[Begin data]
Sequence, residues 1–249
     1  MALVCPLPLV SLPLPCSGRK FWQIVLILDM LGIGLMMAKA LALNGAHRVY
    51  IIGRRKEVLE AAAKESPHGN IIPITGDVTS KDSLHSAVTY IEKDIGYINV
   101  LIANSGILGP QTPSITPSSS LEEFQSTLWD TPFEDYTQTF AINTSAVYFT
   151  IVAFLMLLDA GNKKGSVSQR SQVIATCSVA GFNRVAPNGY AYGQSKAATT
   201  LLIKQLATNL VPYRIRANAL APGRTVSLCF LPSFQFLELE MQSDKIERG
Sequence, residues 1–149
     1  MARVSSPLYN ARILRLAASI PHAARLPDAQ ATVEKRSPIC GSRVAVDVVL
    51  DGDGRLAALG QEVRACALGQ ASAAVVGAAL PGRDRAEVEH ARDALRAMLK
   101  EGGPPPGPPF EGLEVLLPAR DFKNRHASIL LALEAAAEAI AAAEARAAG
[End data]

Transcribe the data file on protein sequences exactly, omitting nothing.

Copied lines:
Sequence, residues 1–249
     1  MALVCPLPLV SLPLPCSGRK FWQIVLILDM LGIGLMMAKA LALNGAHRVY
    51  IIGRRKEVLE AAAKESPHGN IIPITGDVTS KDSLHSAVTY IEKDIGYINV
   101  LIANSGILGP QTPSITPSSS LEEFQSTLWD TPFEDYTQTF AINTSAVYFT
   151  IVAFLMLLDA GNKKGSVSQR SQVIATCSVA GFNRVAPNGY AYGQSKAATT
   201  LLIKQLATNL VPYRIRANAL APGRTVSLCF LPSFQFLELE MQSDKIERG
Sequence, residues 1–149
     1  MARVSSPLYN ARILRLAASI PHAARLPDAQ ATVEKRSPIC GSRVAVDVVL
    51  DGDGRLAALG QEVRACALGQ ASAAVVGAAL PGRDRAEVEH ARDALRAMLK
   101  EGGPPPGPPF EGLEVLLPAR DFKNRHASIL LALEAAAEAI AAAEARAAG